LINCOLN SQUARE — After filing to form a union at the Old Town School of Folk Music, teachers gathered to rally support for their cause in front of the school’s Lincoln Avenue building Tuesday morning.
Part concert — with acoustic performances of songs like “Stand By Me,” “We Shall Not Be Moved” and “Solidarity Forever” — and part press conference, the rally at 4544 N. Lincoln Ave. aimed to explain why faculty at the school are forming the Old Town Teachers Organization, or OTTO.
“Our decision to unionize aligns with the culture and history of the American Folk music tradition,” said Lindsay Weinberg, a teacher of the school of the past 13 years. “We are asking the administration to voluntarily recognize our union.”
On Monday, teachers filed formal paperwork with the National Labor Relations Board. Since November 2017, teachers have organized a drive to create a formalized, collective body with support from the local workers’ rights group Arise Chicago and now faculty have signed cards to form a union with the Illinois Federation of Teachers.
Because teachers have only filed their paperwork this week, the teachers still need to form a bargaining unit to negotiate a contract with school administrators.
“As the administration became aware of our work, we hoped to be viewed as equal stakeholders in the positive future of the school, but instead, we were viewed as at-will employees with no real power,” said Chris Walz, a teacher at Old Town for the past 22 years. “That’s when we decided to align with the Illinois Federation of Teachers.”
Teachers hope to gain a legal footing from which to negotiate with school administrators not just on employment issues, but also have a stronger say in how the school is managed.
John Mead, another teacher at the school, said the canceling of “crucial programs,” a lack of effective marketing to attract new students, tuition increases and administrative salary increases are troubling to teachers.
“We worked with the administration and the board of directors for about six months and pretty extensively on a lot of issues,” John Mead said. “While we were in the room with these people for months there was not a hint that the such an incredibly huge and devestiating decision [selling the 909 W. Armitage Ave. building] would be made. It was made without anyone obviously knowing anything about it.”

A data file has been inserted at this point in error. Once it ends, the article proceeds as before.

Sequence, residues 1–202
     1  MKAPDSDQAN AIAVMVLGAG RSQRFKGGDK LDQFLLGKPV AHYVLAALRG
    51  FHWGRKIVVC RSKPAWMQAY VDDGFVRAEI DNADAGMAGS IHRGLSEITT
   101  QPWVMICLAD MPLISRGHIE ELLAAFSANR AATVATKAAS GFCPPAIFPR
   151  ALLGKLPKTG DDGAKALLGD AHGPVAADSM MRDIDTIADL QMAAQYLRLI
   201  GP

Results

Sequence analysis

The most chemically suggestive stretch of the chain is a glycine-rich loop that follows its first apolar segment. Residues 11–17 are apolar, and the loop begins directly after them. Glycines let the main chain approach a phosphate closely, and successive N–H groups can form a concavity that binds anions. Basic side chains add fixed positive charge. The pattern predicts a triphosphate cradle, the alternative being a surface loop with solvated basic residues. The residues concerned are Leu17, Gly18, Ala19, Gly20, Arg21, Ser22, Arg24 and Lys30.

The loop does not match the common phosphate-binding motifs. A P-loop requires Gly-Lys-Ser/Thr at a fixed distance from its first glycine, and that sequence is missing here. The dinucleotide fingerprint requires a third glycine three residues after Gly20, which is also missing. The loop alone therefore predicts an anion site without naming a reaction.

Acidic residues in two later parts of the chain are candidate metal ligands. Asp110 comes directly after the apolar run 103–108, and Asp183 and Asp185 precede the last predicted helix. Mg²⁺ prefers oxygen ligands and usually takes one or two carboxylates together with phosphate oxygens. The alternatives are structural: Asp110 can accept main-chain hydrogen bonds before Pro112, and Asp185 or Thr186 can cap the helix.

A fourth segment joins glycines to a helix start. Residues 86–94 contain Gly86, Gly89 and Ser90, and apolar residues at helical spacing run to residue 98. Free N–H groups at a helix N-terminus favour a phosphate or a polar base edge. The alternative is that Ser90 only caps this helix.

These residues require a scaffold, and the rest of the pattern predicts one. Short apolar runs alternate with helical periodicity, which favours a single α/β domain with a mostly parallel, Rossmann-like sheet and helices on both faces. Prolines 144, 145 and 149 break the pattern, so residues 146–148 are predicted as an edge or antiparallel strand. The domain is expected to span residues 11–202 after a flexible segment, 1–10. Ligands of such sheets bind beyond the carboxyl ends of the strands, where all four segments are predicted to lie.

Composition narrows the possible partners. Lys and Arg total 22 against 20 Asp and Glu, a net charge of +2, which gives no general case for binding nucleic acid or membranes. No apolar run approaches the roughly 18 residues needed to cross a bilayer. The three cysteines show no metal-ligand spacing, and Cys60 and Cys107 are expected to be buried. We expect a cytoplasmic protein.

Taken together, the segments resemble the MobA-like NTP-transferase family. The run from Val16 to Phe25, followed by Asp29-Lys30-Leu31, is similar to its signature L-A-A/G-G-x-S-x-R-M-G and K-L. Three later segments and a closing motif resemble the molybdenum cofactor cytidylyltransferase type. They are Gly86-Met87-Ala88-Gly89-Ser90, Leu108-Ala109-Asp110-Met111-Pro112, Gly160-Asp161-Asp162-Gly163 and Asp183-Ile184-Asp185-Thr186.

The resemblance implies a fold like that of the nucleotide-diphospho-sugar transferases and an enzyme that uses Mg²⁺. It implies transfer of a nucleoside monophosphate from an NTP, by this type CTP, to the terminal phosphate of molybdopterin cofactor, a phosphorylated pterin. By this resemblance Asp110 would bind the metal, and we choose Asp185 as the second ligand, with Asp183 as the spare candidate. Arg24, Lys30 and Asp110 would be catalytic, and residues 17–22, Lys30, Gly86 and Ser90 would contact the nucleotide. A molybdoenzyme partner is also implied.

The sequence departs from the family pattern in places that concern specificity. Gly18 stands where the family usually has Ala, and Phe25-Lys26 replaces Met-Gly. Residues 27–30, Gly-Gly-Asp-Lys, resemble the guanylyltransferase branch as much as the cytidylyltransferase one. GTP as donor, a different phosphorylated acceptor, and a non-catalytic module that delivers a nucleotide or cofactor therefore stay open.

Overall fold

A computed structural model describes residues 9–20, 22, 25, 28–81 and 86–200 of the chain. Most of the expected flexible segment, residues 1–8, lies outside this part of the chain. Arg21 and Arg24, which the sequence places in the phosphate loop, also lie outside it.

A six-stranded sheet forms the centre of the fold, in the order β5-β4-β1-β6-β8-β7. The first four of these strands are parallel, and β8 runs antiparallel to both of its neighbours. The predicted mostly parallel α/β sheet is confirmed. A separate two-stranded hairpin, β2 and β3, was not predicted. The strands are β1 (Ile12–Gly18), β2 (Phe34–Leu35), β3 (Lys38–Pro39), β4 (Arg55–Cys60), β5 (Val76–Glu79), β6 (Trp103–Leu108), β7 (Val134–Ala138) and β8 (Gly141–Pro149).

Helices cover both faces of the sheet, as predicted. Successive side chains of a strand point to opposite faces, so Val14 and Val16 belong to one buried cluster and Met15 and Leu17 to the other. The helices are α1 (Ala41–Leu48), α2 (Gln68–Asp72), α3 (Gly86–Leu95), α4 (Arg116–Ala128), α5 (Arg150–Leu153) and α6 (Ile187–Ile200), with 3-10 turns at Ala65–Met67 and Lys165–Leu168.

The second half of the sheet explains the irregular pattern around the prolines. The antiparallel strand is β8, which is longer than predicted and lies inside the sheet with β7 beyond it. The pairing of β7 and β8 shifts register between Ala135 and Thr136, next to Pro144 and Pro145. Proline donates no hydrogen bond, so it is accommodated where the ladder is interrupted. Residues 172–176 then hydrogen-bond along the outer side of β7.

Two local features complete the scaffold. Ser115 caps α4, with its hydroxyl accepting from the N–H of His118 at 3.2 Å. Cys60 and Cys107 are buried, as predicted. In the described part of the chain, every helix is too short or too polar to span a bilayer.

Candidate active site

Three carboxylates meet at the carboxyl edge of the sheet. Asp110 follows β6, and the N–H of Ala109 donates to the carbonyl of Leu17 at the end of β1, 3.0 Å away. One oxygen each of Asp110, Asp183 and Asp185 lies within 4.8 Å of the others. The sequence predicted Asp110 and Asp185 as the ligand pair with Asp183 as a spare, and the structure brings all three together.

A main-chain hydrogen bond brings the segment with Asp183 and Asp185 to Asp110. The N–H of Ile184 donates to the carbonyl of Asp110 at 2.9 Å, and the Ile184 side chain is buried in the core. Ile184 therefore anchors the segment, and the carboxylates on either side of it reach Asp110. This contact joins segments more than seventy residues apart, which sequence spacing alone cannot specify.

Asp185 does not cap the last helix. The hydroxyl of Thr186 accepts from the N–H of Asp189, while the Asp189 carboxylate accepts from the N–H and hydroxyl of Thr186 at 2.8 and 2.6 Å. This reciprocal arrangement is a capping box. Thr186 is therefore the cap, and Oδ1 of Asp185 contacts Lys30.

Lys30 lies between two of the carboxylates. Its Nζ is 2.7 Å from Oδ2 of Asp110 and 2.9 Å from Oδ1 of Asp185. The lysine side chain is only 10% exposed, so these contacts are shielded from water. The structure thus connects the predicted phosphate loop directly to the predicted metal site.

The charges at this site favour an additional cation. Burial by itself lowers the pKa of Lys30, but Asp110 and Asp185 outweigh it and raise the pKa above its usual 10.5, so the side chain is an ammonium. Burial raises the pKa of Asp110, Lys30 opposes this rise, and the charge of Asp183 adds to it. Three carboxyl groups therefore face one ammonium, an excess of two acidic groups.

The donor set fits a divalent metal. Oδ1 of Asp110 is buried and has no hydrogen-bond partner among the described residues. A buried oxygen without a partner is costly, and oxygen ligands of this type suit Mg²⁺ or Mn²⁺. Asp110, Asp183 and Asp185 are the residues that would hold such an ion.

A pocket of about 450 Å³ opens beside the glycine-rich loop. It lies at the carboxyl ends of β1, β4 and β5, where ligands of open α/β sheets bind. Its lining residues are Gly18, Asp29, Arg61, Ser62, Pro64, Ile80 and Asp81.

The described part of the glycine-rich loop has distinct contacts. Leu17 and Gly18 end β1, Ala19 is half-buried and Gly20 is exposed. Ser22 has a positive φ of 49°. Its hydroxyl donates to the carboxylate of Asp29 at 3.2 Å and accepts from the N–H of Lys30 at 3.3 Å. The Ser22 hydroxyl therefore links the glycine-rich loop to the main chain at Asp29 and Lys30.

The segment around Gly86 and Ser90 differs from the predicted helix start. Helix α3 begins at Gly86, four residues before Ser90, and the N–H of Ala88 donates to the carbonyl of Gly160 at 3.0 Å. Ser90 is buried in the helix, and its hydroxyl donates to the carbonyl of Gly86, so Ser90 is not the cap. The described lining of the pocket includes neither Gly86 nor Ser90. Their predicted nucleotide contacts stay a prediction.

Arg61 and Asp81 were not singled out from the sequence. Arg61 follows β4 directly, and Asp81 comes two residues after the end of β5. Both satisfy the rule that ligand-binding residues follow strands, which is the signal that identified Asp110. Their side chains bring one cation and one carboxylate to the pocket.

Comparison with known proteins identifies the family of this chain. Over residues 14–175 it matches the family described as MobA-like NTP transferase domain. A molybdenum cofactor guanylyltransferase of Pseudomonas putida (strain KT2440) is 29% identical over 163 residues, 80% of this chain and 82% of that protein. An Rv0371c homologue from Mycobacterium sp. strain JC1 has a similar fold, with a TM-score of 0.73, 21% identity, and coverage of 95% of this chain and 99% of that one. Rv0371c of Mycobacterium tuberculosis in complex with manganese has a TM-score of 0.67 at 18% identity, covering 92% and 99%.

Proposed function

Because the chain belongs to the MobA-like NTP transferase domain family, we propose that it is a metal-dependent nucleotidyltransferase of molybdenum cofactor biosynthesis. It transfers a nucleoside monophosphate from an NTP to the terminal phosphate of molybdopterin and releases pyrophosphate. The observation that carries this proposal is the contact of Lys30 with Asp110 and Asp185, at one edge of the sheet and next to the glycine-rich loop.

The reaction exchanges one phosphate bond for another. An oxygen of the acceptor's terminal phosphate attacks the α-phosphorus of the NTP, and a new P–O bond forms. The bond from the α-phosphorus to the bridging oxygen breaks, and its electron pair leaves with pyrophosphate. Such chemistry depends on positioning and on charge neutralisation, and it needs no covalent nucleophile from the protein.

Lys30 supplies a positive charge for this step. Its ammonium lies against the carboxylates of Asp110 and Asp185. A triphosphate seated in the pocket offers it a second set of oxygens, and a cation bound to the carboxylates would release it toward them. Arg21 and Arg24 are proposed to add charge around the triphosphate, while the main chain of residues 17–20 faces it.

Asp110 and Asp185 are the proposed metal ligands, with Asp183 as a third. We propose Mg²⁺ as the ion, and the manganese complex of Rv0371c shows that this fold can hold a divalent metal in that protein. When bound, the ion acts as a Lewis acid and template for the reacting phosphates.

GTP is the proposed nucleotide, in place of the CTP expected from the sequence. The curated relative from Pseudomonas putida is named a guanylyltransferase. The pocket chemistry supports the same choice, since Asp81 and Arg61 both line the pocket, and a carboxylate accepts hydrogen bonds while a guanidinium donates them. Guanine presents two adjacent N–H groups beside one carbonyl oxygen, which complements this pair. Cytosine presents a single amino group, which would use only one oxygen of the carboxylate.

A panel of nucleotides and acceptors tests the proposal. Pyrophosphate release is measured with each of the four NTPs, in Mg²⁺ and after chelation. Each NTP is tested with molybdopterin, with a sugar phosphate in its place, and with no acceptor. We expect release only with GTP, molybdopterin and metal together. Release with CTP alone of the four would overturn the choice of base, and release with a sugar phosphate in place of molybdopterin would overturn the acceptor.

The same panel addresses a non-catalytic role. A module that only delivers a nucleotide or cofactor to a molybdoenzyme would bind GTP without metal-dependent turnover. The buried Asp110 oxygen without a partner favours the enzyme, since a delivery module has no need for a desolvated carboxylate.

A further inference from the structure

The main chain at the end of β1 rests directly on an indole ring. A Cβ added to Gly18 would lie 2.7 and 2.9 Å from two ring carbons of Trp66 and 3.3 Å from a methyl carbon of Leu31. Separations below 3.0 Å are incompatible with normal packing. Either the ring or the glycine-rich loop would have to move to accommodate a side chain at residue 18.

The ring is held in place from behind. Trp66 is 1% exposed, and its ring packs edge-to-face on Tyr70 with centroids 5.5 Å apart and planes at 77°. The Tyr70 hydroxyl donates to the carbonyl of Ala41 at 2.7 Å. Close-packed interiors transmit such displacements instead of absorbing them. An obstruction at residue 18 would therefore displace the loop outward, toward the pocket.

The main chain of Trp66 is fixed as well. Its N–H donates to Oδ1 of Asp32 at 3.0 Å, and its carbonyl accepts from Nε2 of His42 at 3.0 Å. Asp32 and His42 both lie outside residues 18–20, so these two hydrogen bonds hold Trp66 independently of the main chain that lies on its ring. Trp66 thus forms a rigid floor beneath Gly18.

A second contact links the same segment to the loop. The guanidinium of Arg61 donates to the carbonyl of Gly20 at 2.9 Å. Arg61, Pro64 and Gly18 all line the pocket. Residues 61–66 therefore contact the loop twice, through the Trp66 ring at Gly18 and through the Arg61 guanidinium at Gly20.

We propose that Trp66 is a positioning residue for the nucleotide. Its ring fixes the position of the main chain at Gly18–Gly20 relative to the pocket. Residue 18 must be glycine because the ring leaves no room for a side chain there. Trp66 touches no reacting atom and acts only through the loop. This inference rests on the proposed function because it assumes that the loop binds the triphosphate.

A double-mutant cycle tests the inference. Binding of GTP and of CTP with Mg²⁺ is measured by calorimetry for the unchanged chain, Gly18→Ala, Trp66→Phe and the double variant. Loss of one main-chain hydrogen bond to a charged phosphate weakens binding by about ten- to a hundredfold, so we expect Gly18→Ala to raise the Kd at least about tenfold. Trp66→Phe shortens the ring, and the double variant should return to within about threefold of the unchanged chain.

Mead said the union drive isn’t just about wages and benefits or the planned sale of the Armitage building. Those are just the most public examples of the school’s leadership making monumental decisions without consulting teachers, he said.
On Monday Dave Zibell, spokesperson for the Old Town School of Folk Music, told Block Club the school would let the process play out with the National Labor Relations Board. School officials are in the process of reviewing the petition filed with the labor board now.
“Once we have reviewed it, we will coordinate with the NLRB and union attorney to try and reach an agreement on the scope of the unit and election details. We recognize the teachers’ right to organize and are committed to staying neutral,” he said.
In October, the school announced plans to sell its Armitage building and use the funds to help create an endowment for the school. Teachers and students at the school who were unhappy with this decision have spent the past couple months asking the school’s board of directors to reconsider their plan.
And last week, after outrage from the school’s community, the school’s board decided to postpone the sale of the 909 W. Armitage Ave. building for three months.
However the board still plans to close the music store at the Armitage building by mid-January 2019 and continues to offer non-teaching employees buyout packages. Layoffs are also possible.
Ald. Ameya Pawar (47th), who rallied with Old Town School of Folk Music teachers Tuesday, said the school is the second-largest employer in the area. The school is an anchor in Lincoln Square and its decisions have a “multiplier effect” on the community’s development, he said.
“That’s a primary reason why we’re asking management recognize the union today. This doesn’t happen without the folks standing here today,” Pawar said.
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